The work is a thoroughly Romantic piano concerto, with big tunes and plenty of piano filigree to satisfy the most demanding fan. Bruch did take some shortcuts; in some places, melodic passages are simply divided between the two pianos, rather than adding more music to surround the pre-existing music. Katia and Marielle Labèque were commanding soloists, with tonal resources to match the robust orchestration. The ebb and flow of the music was well-judged by the orchestra, conductor, and soloists. Even if it’s not a timeless masterpiece, Bruch’s concerto fills a historical musical hole between Mozart and the 20th century. And with this quality of performance, it was fun to be along for the ride.

The Labèques played an encore, Le jardin féerique the last movement of Maurice Ravel’s Ma Mère l’Oye. Their performance was lyrically delicate, even in the crescendo leading to the end of the movement.

Each of the symphonic poems in Bedřich Smetana’s suite Má Vlast (My Homeland) was composed and premiered separately between 1874 and 1877, so Bychkov’s choice of the first three poems, VyšehradVltava and Šárka, was appropriate. Few composers (except, perhaps, Wagner at the beginning of Das Rheingold) have so completely captured the flow of of the River Vltava, with its tune that in later years has become almost a Czech anthem. The orchestral sound was velvety, with a natural flow as the movements progressed. It was exhilarating to hear these very familiar pieces sounding as if they had been rethought, with not a hint of routine.

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10th May 2019

CLEVELAND, Ohio – Don’t be fooled by its squareness. There’s nothing conventional about this week’s Cleveland Orchestra program.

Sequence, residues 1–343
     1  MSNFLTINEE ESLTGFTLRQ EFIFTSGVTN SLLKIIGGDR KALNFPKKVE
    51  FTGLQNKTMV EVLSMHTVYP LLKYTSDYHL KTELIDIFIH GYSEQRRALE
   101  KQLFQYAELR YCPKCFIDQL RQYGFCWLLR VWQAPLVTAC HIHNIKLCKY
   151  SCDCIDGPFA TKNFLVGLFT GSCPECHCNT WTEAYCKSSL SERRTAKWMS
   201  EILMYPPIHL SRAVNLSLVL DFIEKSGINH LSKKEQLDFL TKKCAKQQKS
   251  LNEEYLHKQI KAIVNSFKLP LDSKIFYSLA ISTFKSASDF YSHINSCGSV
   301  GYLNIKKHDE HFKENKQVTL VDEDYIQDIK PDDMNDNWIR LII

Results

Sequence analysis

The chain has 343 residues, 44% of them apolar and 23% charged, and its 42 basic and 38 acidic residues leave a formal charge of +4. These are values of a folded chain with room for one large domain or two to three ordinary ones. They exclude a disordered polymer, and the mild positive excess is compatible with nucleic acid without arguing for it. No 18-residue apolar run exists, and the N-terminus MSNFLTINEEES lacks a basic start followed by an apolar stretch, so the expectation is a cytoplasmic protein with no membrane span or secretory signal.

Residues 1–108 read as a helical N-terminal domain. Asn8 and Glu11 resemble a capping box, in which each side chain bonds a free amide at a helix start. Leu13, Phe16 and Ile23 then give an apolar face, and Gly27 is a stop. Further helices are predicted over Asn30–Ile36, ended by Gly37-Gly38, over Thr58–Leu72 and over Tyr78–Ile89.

Even as it followed the standard overture-concerto-symphony format, the opening-night performance Thursday broke plenty of fresh ground, offering a new or unusual work in each slot.

That’s not all. With conductor Semyon Bychkov at the helm and Katia and Marielle Labeque at two pianos, the performances were illuminating, and the three works ended up coalescing far more tightly than one might have expected.

At first glance, the slate appeared rather random: Bruch’s Concerto for Two Pianos (in place of Martinu’s Concerto for Two Pianos), three Symphonic Poems from Smetana’s “Ma Vlast,” and the U.S. premiere of “Wide Open Land” by German composer Detlev Glanert.

As the evening progressed, however, something like a through-line took shape. All three came to sound like branches off the same Romantic-era tree, and the music seemed to grow out of a common interest in physical landscapes. An enchanting encore by the Labeque sisters, Ravel’s “The Fairy Garden,” only reinforced the notion.

Glanert’s “Wide Open Land,” from 2013, readily lived up to its subtitle, “Music with Brahms.” The piece began with a brief quote from Brahms’s Symphony No. 4, then gave way to a kaleidoscopic array of raucous outbursts, eerie murmurings, and expansive melodies. Further echoes of the symphony came and went, in fragmentary form, gradually crafting a panorama akin to a landscape. It was a beautiful experience, 10 minutes of vibrant color and drama.

The same words apply at greater length to Smetana’s “Ma Vlast.” Aptly, handling a Czech masterpiece, the music director of the Czech Philharmonic led three superlative performances, each as rich in character and nuance as the next.

“Vysehrad” (“The Mighty Fortress”) practically glowed, so luminous were its many solos, so soft were its edges. “The Moldau,” too, the most famous movement from “Ma Vlast,” readily did justice to its namesake, conjuring a majestic river in all its shapeliness, depth, and raw power.

Last but not least: “Sarka The Warrior Maid,” in a zesty reading brimming with animation and aggression. Some no doubt weren’t aware of the violent tale it told, but all in attendance certainly got the gist.

The connection to landscapes was a bit weak in the Bruch Concerto. The shadow of Brahms and his descendants, however, loomed large in the Cleveland premiere of a score full of counterpoint, lush harmonies, dense chords, and lacy filigree.

No wonder the work’s first interpreters modified the score. They can’t have possessed half the virtuosity of the Labeque sisters or one-quarter of their sheer elegance or ability to share emotions and communicate from opposite keyboards.

In their silken hands, the music in its original form shone like a tapestry and hummed along with stately grandeur. So potent was their account of the first movement’s fugue, this listener would give much to hear it again.

Many others surely share that sentiment. In the end, this is one of those programs that warrants both a double-take and a second listen.